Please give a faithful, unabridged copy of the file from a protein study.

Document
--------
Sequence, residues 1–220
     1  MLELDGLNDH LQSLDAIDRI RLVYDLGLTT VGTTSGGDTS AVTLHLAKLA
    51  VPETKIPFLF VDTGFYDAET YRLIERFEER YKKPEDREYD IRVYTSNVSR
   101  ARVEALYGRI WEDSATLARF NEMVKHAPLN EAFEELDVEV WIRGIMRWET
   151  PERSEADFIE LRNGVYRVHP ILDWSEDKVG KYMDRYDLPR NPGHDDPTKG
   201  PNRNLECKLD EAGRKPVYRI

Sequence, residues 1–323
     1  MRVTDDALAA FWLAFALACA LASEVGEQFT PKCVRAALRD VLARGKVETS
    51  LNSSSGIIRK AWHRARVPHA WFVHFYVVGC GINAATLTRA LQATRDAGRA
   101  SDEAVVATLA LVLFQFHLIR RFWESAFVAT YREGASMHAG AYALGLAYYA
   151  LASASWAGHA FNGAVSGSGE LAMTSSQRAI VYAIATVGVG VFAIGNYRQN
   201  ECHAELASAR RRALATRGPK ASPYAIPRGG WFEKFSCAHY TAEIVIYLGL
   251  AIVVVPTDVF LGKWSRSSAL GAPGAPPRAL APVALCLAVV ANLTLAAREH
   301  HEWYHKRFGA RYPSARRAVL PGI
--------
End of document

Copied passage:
Sequence, residues 1–220
     1  MLELDGLNDH LQSLDAIDRI RLVYDLGLTT VGTTSGGDTS AVTLHLAKLA
    51  VPETKIPFLF VDTGFYDAET YRLIERFEER YKKPEDREYD IRVYTSNVSR
   101  ARVEALYGRI WEDSATLARF NEMVKHAPLN EAFEELDVEV WIRGIMRWET
   151  PERSEADFIE LRNGVYRVHP ILDWSEDKVG KYMDRYDLPR NPGHDDPTKG
   201  PNRNLECKLD EAGRKPVYRI

Sequence, residues 1–323
     1  MRVTDDALAA FWLAFALACA LASEVGEQFT PKCVRAALRD VLARGKVETS
    51  LNSSSGIIRK AWHRARVPHA WFVHFYVVGC GINAATLTRA LQATRDAGRA
   101  SDEAVVATLA LVLFQFHLIR RFWESAFVAT YREGASMHAG AYALGLAYYA
   151  LASASWAGHA FNGAVSGSGE LAMTSSQRAI VYAIATVGVG VFAIGNYRQN
   201  ECHAELASAR RRALATRGPK ASPYAIPRGG WFEKFSCAHY TAEIVIYLGL
   251  AIVVVPTDVF LGKWSRSSAL GAPGAPPRAL APVALCLAVV ANLTLAAREH
   301  HEWYHKRFGA RYPSARRAVL PGI